(Aug 18, 2005): There is not a huge amount of difference between “Giggles and Grins” and “Grins and Giggles,” but what difference there is should provide room for two companies to keep their names.
Scarborough businesswoman Kristi Stanley, who owns Giggles and Grins, named after some of her young son’s personality traits, says one name is the reverse of the other and shouldn’t cause a problem.
But, as we see on Page 1, the Gerber baby food company seems to think the two are so confusingly similar that it is demanding Stanley change her business’s name.
There are laws and court rulings about this type of dispute, and lawyers are already involved. But common sense and an innate sense of right and wrong should also be in play: Just because someone is bigger than you doesn’t mean they should get their way.
And in this case, the companies should agree to keep their names. They sell items and product lines that are different enough that customers should be able to keep them straight: If you went to buy a blanket (from Giggles and Grins) and instead selected a shampoo (from Grins and Giggles), you’d figure out your mistake long before getting to the cash register.
Perhaps as a safeguard against future disputes like this, the companies could agree that if either is going to sell products similar to the other’s, it must be done under a different product name. So if Stanley decides to make homemade baby soaps, she would have to find a different name for that group of items.
The Internet is the one place where customers could be easily confused, and might unintentionally visit one company’s site when looking for the other.
Because of the mechanics of Internet searches, someone looking for the words “giggles” and “grins” would find both companies’ sites – as well as countless other sites completely unrelated to any products for babies and young children.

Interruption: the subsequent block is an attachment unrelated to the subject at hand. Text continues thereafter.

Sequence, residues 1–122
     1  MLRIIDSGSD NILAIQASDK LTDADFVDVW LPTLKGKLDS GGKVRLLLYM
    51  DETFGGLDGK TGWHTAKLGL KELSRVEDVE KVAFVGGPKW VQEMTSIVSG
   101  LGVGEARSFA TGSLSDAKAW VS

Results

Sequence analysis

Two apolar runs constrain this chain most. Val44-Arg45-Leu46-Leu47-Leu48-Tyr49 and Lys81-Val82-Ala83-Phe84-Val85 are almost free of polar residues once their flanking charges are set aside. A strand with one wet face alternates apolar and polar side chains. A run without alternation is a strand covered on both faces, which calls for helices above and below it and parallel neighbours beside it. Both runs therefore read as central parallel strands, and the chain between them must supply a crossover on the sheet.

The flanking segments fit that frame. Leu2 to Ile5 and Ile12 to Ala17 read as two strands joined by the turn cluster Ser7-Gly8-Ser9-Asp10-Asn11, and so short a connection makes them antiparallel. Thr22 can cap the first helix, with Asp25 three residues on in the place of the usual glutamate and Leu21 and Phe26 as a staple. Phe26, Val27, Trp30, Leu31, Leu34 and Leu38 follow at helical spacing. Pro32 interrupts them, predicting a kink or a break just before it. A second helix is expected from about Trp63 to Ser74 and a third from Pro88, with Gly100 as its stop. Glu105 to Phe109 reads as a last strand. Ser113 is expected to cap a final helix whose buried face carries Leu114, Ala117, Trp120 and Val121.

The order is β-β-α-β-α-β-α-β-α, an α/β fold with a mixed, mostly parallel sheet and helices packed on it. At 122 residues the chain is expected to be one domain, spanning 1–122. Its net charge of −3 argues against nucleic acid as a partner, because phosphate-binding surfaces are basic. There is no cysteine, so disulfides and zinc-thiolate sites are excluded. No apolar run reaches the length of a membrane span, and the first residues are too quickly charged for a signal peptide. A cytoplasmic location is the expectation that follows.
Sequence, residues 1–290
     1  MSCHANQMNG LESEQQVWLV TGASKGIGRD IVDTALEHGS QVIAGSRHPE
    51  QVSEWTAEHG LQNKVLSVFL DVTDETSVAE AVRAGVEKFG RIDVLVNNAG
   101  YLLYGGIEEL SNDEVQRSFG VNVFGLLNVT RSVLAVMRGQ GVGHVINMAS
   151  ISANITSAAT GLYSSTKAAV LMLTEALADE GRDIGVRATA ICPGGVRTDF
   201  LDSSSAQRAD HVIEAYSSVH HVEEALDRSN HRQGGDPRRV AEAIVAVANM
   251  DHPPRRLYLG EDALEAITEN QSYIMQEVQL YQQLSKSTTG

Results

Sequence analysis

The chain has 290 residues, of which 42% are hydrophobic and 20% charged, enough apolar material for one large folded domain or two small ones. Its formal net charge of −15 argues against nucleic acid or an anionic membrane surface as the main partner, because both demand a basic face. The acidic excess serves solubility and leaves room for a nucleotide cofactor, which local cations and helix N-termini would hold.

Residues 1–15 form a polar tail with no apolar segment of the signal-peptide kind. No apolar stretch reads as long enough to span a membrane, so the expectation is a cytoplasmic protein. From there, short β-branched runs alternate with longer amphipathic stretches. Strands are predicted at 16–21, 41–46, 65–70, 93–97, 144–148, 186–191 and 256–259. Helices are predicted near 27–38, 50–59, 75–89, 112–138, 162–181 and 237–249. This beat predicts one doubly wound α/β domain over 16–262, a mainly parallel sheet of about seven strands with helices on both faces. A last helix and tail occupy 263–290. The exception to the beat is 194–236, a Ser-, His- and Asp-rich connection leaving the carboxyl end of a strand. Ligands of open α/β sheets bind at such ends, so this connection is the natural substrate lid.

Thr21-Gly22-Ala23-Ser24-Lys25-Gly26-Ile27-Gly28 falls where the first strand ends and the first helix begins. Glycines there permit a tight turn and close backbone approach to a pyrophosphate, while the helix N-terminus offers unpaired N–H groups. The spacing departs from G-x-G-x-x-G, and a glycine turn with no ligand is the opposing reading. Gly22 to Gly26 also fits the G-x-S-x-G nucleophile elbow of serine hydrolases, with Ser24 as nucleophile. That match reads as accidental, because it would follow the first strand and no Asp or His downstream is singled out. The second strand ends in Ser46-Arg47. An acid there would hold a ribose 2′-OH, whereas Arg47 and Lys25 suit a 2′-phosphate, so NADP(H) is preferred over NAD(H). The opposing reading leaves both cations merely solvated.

So it seems reasonable that to dispel potential customer confusion, at the top of each company’s Web site should be a line saying it is not the other company’s site, and providing a link to the other site.
That sort of solution is quite common in situations where organizations and companies have similar names and want to mutually avoid confusion, and that’s really where the companies’ negotiations should focus.
I want to call your attention to two items in this week’s issue that are of particular note: the Religion page, on Page 6, and the local school bus schedules, on Pages 20 and 21.
Both are part of our continuing efforts to be the best newspaper serving this territory, and to better serve you, our readers.
This issue marks the second appearance of the Religion page, which will appear every other week as a venue for news, views and information about our local churches and religious groups. Please send contributions, feedback, story ideas and other comments to me by e-mail at email@example.com, or call me at 883-3533.
This issue also includes the school bus schedules for Scarborough and Cape Elizabeth for the upcoming year. (South Portland’s were not available before press time, but will be posted on our Web site, www.KeepMEcurrent.com, as soon as we get them from the school department.) Scarborough’s, in particular, may cause some concern, because of a new district policy consolidating bus stops. Please let us know what you think of the new routes, again by e-mailing me at firstname.lastname@example.org or by calling 883-3533.
As always, we welcome your comments, feedback and ideas on all aspects of the paper. If you would prefer to write or fax, those addresses are just below this column, on the same page.
Thanks so much for reading the Current! We look forward to hearing from you soon.Jeff Inglis, editor